April 19, 2003 Saturday
Need For Strategic Shift In Thinking
By Mikhail Raj Abdullah & Yong Soo Heong
- Dr Mahathir
PUTRAJAYA, April 18 (Bernama) -- Datuk Seri Dr Mahathir Mohamad has called on both the public and private sectors not to merely depend on incentives and tax deductions from stimulus packages to ensure sustainable long term growth but undertake strategic shifts to overcome current weaknesses in the domestic economy.
"There is a need for a change in the mindset of people where they would have to start looking at reducing problems by themselves within the society for their own well-being and that of the country's economy," Dr Mahathir, who is also finance minister, told Bernama in an interview at his official residence, Seri Perdana, here Friday.
|SHARING HIS VIEW: Dr Mahathir being interviewed by the executive editor and editor of Bernama Economic Service, Yong Soo Heong and Mikhail Raj Abdullah, at Seri Perdana in Putrajaya Friday.--Bernamapic.|
Dr Mahathir said the stimulus package to be announced by the government was only aimed at generating business activity in view of the economic fallout from the war in Iraq and the Severe Acute Respiratory Syndrome (SARS) and before that the global slowdown from the Sept 11 terror attacks.
The prime minister, currently on two months' leave, returned from Japan and Latin America earlier this week and is expected to leave for Europe next week.
Asked whether Malaysia, as chairman of the Non-Aligned Movement (NAM), might be victimised by the United States for being vocal in opposing the war against Iraq, Dr Mahathir said, "We have to try to fend for ourselves."
To a suggestion that the United States, which has stamped its military might unilaterally might do likewise on the economic front by controling the World Trade Organisation and the Asia Pacific Economic Cooperation (Apec), Forum, he said this remained to be seen.
However, he felt that the United States might resort to such tactics and impose sanctions "if we don't agree to their demands."
"We don't know what will happen," he said. Dr Mahathir, in citing an example how local tour and travel agencies affected by poor arrivals from Hong Kong in view of the SARS epidemic could effect a mindset change, said they should look elsewhere in wooing tourists to Malaysia instead.
He also suggested Malaysian industries diversify by incorporating new activities in line with the demands of the market such as specialising in Information and Communications Technology (ICT) and incorporating knowledge-based processes into their operations.
"We have to emphasise on certain areas of the economy that can be made to grow further but to do this, we have to change our direction.
"When it comes to stimulus packages, the private sector invariably looks for incentives and tax deductions, but depending on incentives and tax cuts are short term in nature and is not the way to overcome problems," he said.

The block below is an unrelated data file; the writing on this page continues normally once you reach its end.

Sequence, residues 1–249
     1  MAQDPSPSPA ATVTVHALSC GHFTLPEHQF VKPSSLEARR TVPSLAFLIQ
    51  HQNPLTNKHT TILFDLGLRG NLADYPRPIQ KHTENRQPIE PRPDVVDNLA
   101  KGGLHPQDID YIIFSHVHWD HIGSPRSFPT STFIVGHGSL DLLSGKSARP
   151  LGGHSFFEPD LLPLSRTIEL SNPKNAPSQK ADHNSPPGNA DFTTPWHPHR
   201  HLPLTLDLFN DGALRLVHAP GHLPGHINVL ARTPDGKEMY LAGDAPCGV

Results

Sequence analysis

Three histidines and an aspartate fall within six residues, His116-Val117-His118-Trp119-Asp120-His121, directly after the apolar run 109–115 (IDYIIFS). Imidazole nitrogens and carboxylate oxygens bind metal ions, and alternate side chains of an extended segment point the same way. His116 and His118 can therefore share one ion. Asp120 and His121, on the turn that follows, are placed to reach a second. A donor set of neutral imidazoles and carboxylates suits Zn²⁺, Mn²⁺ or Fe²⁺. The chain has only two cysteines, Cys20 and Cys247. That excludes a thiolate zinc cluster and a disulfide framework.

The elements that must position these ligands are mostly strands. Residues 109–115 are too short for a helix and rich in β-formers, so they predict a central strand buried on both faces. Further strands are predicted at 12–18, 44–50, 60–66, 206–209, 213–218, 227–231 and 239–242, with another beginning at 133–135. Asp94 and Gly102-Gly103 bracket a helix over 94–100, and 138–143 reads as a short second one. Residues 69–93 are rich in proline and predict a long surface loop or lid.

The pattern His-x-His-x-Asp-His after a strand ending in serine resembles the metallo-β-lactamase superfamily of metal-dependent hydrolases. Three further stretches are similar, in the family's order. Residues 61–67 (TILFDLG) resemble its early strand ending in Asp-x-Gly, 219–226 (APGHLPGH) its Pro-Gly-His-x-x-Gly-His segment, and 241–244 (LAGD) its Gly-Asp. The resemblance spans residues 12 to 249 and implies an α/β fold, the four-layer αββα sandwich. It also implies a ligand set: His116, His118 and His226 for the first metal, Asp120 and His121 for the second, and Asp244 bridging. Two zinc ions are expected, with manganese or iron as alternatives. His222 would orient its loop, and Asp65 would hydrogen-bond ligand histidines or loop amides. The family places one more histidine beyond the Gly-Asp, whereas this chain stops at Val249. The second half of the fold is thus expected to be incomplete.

Elaborating on the strategic shifts that need to be taken, Dr Mahathir cited the steps in Malaysia's economic evolution in the early days when it diversified away from depending too much on tin and rubber, given their depressed prices, to go in a big way into palm oil to sustain the country's revenue base.
If the economy had gone on looking for tin when the commodity was fast depleting, Malaysia would have gone to the dogs, he said.
The prime minister said the government has always been giving out many incentives for the private sector but what was more crucial was for businesses to move away from traditional areas and incorporate new activities with better earnings potential and yields.
Calling on Malaysian businesses not to depend excessively on the government or expect government help everytime they got into trouble, he said they should stop acting irresponsibly in light of changes in the global economy.
Turning to efforts to woo foreign direct investments which were an integral part of enhancing the country's revenue base, Dr Mahathir said Malaysians should not treat investors shabbily but be hospitable to them if they expected FDIs to be sustained.
Dr Mahathir said there were investors from West Asia with abundant investible funds but Malaysia would have to woo them aggressively to bring their funds over to invest in areas such as Islamic banking and products.
He said a roadshow to promote Malaysia's Islamic banking products and the Labuan International Financial Exchange on which Islamic financial instruments were traded on would be continued after the war in Iraq.
Asked whether there were useful insights on his trips abroad during his on-going vacation, he said,"There is a lot to learn, my notebook is full."
He said he had made numerous observations from visits to factories and other places on how foreigners undertook certain activities to improve their economies.
"But to achieve all this, the question is: are we prepared to change? Otherwise all these observations will come to nothing," said Dr Mahathir. -- BERNAMA